Private radiology practices hit hard by COVID-19

2020 05 07 16 28 3540 Life After Covid 19 Sign 400

The COVID-19 pandemic has had a particularly dramatic effect on the financial health of private radiology practices. This effect could drive further consolidation in radiology as smaller practices seek a lifeline from bigger players, according to a report published on 17 July in Radiology.

The financial impact of the COVID-19 crisis has affected the health of private practices in multiple ways, according to a team representing the RSNA's COVID-19 Task Force. The group includes Dr. Richard Sharpe Jr. of Mayo Clinic Arizona in Phoenix, Dr. Brian Kuszyk of Eastern Radiologists in Greenville, NC, and Dr. Mahmud Mossa-Basha of the University of Washington in Sammamish.

"Volumes of advanced imaging and a higher reimbursement service for many practices were reduced, while low reimbursement services, such as radiography, often increased," Sharpe said in a statement released by the RSNA. "At the same time, performing these low reimbursement services in ways that minimized the risk of virus transmission to staff and other patients increased the time and resources required."

During the COVID-19 crisis, imaging exam volumes have seen declines of between 40% and 90%, a trend that is likely to continue for months or even years and which could dramatically change the radiology landscape, as private practice radiologists account for about 83% of all practicing radiologists in the U.S., the group noted.

The authors described ways radiology practices have tried to cope with financial uncertainty caused by the pandemic by adjusting a variety of "cost levers."

"To survive the pandemic, private radiology practices reflected on their values and priorities to decide which levers to pull to reduce costs, such as decreasing compensation, paid time off, benefits, and hours of work, while increasing work responsibilities," the group wrote.

As an example, the group cited the experience of a private radiology practice in Michigan -- which they called Practice A -- that saw imaging exams decrease by 55.4% and work relative value units (wRVUs) by 56.6% between January and March. In May, these decreases recovered somewhat, by 76% and 64%, although both the number of exams and wRVUs remained below pre-COVID-19 levels.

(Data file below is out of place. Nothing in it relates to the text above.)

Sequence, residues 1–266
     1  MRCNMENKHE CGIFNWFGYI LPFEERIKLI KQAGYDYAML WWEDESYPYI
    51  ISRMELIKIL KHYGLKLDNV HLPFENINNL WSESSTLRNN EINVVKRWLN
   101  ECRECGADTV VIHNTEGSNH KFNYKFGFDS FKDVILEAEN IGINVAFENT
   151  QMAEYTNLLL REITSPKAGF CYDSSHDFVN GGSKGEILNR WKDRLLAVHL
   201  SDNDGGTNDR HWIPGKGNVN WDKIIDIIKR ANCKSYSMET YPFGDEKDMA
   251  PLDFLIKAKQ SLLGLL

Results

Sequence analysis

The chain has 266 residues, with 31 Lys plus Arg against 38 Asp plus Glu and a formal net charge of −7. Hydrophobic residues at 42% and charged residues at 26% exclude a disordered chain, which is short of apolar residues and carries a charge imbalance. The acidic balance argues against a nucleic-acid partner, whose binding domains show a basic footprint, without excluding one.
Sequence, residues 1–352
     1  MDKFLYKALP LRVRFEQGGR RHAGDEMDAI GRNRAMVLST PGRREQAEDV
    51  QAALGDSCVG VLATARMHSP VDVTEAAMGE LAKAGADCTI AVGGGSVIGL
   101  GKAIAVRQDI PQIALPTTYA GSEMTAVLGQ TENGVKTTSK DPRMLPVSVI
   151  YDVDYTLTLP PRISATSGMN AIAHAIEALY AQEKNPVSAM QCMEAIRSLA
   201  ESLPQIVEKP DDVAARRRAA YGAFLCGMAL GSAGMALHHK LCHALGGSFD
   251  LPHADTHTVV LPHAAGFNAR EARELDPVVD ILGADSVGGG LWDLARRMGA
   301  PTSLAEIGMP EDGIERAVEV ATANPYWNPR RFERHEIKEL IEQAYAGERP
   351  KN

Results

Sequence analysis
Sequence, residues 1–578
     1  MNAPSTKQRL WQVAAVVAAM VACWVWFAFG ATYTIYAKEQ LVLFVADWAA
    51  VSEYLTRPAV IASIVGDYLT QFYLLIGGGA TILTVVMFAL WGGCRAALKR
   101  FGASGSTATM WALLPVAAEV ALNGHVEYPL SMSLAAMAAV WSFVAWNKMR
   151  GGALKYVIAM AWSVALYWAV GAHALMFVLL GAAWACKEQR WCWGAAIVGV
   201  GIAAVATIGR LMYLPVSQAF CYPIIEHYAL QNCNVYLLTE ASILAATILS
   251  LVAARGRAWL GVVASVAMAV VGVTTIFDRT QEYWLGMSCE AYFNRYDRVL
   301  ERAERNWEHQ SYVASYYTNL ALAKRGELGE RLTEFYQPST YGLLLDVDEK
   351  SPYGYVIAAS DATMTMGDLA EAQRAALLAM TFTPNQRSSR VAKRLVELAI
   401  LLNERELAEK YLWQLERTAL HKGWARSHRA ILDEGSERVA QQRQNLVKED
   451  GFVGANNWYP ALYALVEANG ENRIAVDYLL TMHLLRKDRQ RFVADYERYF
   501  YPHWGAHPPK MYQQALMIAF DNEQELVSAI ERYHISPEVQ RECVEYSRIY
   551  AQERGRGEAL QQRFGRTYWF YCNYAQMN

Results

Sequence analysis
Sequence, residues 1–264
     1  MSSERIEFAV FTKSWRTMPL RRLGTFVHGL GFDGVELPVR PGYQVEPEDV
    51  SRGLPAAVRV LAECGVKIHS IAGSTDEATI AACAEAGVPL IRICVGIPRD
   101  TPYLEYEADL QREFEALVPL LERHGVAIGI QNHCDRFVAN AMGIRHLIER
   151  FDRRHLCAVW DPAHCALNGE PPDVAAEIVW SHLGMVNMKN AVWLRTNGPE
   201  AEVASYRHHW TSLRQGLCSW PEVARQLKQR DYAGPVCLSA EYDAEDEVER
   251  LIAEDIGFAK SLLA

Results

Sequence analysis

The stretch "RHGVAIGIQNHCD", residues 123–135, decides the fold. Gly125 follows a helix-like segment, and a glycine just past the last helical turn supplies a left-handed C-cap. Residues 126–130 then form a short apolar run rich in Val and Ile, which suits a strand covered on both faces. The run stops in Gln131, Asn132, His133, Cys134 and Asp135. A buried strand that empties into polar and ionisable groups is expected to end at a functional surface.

This practice managed costs by reducing operation hours -- and thus radiologist and technologist work hours -- and paying radiologists per wRVU.

"Despite entering the pandemic from a position of relative strength, the impact of COVID-19 on Practice A has already been severe," the team noted. "Radiologists estimate a decrease in compensation of 40% for calendar year 2020."

Going forward, radiology practices are likely to structure their operations in a way that makes them more flexible in the face of sudden volume decreases, perhaps by adjusting physician contracts so that base salary makes up a smaller percentage of the package, with the balance tied to the practice's overall financial performance or the radiologist's productivity.

But some private practices, particularly smaller ones, won't survive the pandemic, the group warned.

"We anticipate that small radiology practices may be at greatest risk for consolidation with larger radiology groups that have a more diversified practice model regarding inpatient-outpatient mix, subspecialty service lines, and geography," Kuszyk and colleagues concluded.

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